sara1981 01-16-2005 02:26 AM

I watch video of Royal im not sure what years! about Windsors and Monaco but i did watch that video its very interesting in life and almost lost palaces everythings what worth for the palace needs! like Windsor Castle have fire in 1992 have carry out from Castle more worth about million.

im not fans of WW2!

Sara Boyce

Louise 01-16-2005 05:42 AM

Quote:

Originally Posted by H.M. Margrethe
King Christian always ride on a hors until he felt of it in 1944. The Danish citizens was always protect ther king when he was riding in Copenhagen.

Not to be picky, but king Christian fell of his horse in october 1942, so actually he didn't ride trough Copenhagen during most of the war, although thats the general opinion:) .

KikkiB 01-16-2005 08:31 AM

Quote:

Originally Posted by ElisaR
The British Royal Family stayed in Britain during all the war.
The King worked in Buckingham Palace during the day and, I think, returned to Windsor Castle at night. The Queen was in Buckingham Palace when it was bombed in September 1940.
Princesses Elizabeth and Margaret lived at Windsor Castle.
They were urged to evacuate the two princesses to Canada, but the Queen replied: "The children won't go without me. I won't leave the King. And the King will never leave."
Princess Elizabeth made her first broadcast on October 1940, sending a message to the evacuated children.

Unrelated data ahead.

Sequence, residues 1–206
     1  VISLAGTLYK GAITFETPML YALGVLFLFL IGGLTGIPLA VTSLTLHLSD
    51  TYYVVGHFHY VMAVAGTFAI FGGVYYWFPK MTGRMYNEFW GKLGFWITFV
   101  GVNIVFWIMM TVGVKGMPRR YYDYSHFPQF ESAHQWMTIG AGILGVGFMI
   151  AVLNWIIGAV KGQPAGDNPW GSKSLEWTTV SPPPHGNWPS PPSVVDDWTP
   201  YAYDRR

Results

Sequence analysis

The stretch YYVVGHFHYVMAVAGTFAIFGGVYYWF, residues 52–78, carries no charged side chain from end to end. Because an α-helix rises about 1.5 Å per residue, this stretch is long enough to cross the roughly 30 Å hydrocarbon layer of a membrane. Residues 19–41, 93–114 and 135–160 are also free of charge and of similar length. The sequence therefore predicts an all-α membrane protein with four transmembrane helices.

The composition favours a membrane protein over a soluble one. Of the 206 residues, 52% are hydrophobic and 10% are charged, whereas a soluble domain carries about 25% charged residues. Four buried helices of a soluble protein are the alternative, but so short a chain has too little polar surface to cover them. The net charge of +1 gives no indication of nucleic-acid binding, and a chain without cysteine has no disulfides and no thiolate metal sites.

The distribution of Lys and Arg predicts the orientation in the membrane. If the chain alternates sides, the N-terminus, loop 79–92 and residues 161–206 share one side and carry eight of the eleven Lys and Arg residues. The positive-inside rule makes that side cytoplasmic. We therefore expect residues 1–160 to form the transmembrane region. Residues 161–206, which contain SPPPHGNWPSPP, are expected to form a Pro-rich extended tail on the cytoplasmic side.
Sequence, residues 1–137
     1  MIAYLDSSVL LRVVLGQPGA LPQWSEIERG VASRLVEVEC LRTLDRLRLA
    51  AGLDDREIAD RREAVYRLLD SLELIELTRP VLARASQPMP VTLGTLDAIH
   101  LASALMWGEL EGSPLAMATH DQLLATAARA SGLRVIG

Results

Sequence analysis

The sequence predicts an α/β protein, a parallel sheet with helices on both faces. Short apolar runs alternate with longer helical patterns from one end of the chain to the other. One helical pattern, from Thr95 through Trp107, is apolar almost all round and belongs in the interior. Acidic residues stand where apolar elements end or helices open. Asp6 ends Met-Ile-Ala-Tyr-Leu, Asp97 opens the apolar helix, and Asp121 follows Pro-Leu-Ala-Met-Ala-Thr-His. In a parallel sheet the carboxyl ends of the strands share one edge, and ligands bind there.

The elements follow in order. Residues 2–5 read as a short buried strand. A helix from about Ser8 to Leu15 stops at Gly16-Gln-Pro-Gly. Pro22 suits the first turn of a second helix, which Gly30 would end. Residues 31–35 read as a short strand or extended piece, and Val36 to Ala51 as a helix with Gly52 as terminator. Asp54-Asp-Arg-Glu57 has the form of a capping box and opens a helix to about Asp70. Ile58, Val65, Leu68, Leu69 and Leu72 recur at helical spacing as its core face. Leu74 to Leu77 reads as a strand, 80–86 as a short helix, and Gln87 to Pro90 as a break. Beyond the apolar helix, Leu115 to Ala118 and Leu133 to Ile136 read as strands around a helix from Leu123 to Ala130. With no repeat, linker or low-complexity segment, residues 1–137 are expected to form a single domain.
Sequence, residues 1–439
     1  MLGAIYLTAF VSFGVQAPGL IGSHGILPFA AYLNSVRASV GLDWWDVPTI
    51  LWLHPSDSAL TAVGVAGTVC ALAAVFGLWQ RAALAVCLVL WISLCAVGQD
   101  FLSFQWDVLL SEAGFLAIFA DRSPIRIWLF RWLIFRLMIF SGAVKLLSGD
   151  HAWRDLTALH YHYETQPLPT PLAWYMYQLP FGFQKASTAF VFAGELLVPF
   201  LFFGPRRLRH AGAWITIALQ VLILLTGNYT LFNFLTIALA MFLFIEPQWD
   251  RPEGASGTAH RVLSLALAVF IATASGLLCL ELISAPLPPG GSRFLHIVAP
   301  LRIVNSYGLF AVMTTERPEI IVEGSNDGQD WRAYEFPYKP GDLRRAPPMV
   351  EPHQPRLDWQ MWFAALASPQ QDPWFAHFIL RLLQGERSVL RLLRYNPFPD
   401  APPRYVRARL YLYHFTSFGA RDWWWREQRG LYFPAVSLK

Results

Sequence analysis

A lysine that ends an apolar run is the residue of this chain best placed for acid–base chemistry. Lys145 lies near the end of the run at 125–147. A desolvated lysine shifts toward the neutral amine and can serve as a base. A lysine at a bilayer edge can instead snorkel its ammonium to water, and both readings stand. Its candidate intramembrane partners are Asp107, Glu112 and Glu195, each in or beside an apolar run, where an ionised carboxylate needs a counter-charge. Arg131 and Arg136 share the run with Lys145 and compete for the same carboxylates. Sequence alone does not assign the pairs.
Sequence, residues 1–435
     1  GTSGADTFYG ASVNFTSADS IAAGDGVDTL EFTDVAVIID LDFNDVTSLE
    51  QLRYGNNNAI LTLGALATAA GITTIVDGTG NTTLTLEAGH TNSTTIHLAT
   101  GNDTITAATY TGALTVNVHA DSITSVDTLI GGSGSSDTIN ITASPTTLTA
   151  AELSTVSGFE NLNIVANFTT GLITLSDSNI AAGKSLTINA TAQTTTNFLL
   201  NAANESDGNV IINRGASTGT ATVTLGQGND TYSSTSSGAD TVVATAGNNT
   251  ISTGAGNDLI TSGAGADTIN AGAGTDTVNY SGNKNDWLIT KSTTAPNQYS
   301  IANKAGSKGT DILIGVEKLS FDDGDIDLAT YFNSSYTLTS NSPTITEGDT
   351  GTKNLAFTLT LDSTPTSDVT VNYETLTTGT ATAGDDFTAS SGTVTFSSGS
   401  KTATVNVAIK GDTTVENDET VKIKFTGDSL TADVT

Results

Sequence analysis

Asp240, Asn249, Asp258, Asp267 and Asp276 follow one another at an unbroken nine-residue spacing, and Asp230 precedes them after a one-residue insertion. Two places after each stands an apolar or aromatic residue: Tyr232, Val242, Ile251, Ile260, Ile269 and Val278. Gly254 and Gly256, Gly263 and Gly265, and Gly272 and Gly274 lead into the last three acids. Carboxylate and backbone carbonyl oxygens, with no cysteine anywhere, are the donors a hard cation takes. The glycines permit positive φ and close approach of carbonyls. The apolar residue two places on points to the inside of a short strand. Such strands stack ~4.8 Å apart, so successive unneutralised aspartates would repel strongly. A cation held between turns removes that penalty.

I remember to have seen a picture of a young adult Princess Elizabeth with her hands fiddling with something in a trucks' engine. I think she served with the Army's transport corps. "During World War II she trained as a junior subaltern (second lieutenant) in the women's services". (quote from www.encylopedia.com) A well done war effort, doing something practical and hands on!

I don't seem to find the picture I mentioned on the internet, but if someone know which picture I'm talking about, and finds it, please post it!!

Dennism 01-16-2005 04:14 PM

She worked as a nurse? Wow. I didn´t know that. Brave woman.

gogm 01-16-2005 10:09 PM

It looks like they tried to do business as usual. Look at the pictues of Zita's wedding. They kept up appearances as best they could in an atmosphere of total war.

I have seen a number of pictures of royals in uniform or nurse's clothing. The Kaiser's son was, if I recall correctly, heavily involved in the bloodbath at Verdun. British royals served as nurses.

ElisaR 01-17-2005 06:34 PM

4 Attachment(s)
Quote:

Originally Posted by KikkiB
I remember to have seen a picture of a young adult Princess Elizabeth with her hands fiddling with something in a trucks' engine. I think she served with the Army's transport corps. "During World War II she trained as a junior subaltern (second lieutenant) in the women's services". (quote from www.encylopedia.com) A well done war effort, doing something practical and hands on!

I don't seem to find the picture I mentioned on the internet, but if someone know which picture I'm talking about, and finds it, please post it!!

:eek: I'm silly!!!!

I forgot! Of course! She was in the ATS!

I quote the official site:
In early 1945 the Princess was made a Subaltern in the Auxiliary Territorial Service (ATS). By the end of the war she had reached the rank of Junior Commander, having completed her course at No. 1 Mechanical training Centre of ATS and passed out as a fully qualified driver.


On 14 October 2003 the Queen opened "Women at war" exibition at the Imperial War Museum. There was a section dedicated to ATS (there were also pictures and documents about her).